Objective: To determine knowledge, competence, and attitudinal issues among primary care providers (PCPs) and diabetes specialists regarding the use and application of evidence-based clinical guidelines and the coordination of care between PCPs and diabetes specialists specifically related to referral practices for patients with diabetes.
Methods: A survey tool was completed by 491 PCPs and 249 diabetes specialists. Data were collected from specialists online and from PCP attendees at live symposia across the United States. Results were analyzed for frequency of response and evaluation of significant relationships among the variables.
Results: Suboptimal practice patterns and interprofessional communication as well as gaps in diabetes-related knowledge and processes were identified. PCPs reported a lack of clarity about who, PCP or specialist, should assume clinical responsibility for the management of diabetes after a specialty referral. PCPs were most likely to refer patients to diabetes specialists for management issues relating to insulin therapy and use of advanced treatment strategies, such as insulin pens and continuous glucose monitoring. A minority of PCPs and even fewer specialists reported the routine use of clinical guidelines in practice.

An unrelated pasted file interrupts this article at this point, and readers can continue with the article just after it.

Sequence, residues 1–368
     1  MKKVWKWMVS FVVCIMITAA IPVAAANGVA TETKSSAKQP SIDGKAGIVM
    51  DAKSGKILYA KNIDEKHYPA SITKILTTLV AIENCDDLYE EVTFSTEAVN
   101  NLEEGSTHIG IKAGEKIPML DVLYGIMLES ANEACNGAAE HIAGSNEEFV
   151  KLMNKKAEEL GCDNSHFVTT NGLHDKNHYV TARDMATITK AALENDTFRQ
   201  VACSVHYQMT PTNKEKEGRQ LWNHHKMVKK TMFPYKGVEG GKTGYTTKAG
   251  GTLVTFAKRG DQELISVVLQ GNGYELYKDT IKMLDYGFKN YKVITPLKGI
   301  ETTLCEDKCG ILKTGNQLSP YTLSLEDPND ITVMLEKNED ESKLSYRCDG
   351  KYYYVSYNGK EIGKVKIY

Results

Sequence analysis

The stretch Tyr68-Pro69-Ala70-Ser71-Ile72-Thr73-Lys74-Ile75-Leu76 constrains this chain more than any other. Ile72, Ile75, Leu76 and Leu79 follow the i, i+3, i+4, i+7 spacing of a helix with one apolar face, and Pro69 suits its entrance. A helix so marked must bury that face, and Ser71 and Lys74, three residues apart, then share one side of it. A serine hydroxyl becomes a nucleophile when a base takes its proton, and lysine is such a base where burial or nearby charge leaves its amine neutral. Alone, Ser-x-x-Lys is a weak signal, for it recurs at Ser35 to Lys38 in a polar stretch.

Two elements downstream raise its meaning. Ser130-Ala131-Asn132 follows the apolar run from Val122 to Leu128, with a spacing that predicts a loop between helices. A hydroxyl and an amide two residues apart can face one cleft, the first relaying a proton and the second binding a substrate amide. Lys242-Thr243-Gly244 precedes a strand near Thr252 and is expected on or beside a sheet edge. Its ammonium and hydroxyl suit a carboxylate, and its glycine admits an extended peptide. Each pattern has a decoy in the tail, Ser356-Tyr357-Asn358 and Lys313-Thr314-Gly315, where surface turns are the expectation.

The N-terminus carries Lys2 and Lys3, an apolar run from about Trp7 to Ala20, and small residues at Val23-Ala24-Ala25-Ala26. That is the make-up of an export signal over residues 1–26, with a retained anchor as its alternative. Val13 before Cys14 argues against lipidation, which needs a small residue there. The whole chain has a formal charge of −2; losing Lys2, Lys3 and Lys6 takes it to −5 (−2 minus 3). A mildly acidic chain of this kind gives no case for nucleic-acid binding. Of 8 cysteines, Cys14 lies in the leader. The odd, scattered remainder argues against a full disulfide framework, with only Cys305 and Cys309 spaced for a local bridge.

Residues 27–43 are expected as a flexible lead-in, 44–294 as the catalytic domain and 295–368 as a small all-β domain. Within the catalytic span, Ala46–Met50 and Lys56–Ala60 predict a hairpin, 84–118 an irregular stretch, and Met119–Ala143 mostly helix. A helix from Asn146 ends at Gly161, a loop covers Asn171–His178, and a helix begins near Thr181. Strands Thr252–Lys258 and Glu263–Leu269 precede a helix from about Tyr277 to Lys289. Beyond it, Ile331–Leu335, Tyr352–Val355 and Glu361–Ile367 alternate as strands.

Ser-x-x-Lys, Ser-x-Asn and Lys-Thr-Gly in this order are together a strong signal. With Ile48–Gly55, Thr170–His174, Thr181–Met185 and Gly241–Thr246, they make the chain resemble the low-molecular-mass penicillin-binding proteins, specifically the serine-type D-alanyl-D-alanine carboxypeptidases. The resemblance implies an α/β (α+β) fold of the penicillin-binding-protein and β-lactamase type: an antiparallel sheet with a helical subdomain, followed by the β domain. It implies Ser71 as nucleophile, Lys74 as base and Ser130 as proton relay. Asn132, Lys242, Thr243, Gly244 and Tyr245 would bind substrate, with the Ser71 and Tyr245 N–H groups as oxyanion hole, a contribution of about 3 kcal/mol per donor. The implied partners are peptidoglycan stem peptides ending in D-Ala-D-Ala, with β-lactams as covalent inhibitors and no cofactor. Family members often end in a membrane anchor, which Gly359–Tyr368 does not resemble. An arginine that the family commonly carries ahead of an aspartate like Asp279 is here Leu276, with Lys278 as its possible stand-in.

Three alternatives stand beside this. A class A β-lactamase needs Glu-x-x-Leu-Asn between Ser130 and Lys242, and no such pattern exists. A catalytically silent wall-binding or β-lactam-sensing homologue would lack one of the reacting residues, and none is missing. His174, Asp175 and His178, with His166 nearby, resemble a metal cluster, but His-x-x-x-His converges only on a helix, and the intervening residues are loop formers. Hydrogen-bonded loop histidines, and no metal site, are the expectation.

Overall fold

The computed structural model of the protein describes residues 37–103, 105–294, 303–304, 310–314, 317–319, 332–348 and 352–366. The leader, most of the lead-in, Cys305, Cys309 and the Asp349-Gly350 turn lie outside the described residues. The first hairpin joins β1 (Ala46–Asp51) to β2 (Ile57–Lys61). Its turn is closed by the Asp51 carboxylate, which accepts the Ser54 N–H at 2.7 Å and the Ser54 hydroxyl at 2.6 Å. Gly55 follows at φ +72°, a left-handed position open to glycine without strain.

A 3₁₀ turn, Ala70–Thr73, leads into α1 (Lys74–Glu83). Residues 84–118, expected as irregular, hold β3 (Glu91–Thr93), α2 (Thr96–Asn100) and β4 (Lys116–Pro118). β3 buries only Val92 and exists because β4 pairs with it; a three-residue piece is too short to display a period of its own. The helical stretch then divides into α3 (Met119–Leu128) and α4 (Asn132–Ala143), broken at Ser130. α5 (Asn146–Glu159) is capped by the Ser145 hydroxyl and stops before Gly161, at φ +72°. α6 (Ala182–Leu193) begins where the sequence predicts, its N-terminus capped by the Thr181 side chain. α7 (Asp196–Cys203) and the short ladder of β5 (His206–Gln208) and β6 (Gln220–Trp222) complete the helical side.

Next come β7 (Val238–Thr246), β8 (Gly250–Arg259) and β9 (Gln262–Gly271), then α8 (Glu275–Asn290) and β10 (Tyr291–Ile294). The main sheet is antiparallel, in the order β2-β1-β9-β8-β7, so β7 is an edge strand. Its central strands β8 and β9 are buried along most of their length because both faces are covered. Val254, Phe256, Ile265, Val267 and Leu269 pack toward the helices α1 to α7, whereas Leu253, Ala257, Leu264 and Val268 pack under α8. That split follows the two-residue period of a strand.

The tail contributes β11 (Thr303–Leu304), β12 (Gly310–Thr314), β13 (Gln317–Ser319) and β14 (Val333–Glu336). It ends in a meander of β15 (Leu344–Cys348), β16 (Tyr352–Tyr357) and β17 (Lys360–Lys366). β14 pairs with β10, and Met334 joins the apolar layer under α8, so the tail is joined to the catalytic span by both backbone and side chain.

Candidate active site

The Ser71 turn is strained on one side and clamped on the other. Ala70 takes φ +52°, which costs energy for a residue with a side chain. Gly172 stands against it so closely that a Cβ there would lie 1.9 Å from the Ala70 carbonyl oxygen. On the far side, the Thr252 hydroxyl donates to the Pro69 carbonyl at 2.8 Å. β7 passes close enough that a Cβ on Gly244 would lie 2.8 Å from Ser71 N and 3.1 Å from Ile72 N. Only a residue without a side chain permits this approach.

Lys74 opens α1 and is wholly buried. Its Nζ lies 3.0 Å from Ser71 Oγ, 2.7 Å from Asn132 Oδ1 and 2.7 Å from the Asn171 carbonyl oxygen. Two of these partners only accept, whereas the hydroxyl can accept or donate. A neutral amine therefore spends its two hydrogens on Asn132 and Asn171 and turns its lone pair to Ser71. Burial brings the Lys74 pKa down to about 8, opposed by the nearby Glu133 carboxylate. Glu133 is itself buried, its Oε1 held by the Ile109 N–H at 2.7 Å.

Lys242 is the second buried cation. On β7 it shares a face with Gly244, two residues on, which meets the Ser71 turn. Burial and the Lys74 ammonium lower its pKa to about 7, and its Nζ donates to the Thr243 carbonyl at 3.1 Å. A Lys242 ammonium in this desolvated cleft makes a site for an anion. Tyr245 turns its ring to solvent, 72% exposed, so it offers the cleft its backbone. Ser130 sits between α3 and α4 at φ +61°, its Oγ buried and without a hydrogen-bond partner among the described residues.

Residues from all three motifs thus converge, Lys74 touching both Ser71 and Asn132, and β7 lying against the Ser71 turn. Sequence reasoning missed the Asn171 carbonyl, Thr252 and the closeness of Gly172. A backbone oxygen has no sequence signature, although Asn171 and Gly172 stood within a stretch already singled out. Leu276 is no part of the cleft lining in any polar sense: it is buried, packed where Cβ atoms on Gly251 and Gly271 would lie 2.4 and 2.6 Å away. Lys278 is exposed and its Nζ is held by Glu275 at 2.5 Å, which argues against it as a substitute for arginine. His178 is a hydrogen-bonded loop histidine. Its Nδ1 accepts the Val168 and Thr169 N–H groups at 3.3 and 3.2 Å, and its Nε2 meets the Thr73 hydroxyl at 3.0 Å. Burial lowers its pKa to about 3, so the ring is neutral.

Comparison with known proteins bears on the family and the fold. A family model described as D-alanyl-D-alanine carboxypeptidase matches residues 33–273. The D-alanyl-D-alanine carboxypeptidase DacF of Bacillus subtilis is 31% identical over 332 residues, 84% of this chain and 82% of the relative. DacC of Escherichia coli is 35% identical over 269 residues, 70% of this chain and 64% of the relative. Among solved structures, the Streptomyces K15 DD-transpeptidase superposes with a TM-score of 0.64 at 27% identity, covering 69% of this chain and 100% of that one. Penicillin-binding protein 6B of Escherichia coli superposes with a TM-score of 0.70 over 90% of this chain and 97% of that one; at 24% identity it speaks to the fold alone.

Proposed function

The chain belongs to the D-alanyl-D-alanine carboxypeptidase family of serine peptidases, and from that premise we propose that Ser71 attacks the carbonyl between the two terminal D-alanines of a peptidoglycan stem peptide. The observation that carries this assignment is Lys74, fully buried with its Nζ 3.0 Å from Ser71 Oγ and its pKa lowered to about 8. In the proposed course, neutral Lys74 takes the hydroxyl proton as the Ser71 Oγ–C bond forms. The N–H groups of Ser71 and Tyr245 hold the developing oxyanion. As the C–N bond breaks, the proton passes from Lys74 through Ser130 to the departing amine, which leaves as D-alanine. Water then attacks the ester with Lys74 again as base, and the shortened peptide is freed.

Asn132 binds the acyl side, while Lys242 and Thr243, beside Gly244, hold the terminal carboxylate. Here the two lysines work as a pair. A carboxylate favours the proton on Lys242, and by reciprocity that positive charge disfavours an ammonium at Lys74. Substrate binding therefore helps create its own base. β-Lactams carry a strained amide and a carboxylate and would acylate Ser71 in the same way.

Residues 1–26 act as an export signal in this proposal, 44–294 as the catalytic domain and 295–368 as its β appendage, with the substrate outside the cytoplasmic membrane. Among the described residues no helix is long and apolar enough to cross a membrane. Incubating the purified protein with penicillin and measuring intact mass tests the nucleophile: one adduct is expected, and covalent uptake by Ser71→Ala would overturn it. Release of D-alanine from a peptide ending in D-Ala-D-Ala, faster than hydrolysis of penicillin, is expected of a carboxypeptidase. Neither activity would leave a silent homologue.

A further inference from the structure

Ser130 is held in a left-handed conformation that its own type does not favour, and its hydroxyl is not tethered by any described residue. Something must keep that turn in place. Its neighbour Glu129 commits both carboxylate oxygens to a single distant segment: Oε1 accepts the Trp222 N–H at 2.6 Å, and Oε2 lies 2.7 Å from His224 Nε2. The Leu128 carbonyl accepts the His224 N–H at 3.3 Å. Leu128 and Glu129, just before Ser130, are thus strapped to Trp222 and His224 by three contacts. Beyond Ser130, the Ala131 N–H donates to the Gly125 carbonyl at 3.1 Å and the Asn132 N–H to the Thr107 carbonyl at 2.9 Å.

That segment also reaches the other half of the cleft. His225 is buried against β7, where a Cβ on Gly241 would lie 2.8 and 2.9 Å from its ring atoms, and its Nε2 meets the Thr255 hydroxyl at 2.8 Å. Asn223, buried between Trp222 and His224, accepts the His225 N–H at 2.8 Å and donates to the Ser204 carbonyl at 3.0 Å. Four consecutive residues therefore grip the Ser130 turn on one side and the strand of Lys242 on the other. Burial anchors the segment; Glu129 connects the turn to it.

Conclusion: This research-based assessment identified critical educational needs and gaps related to coordinated care for patients with diabetes as well as the need for quality- and performance-based educational interventions.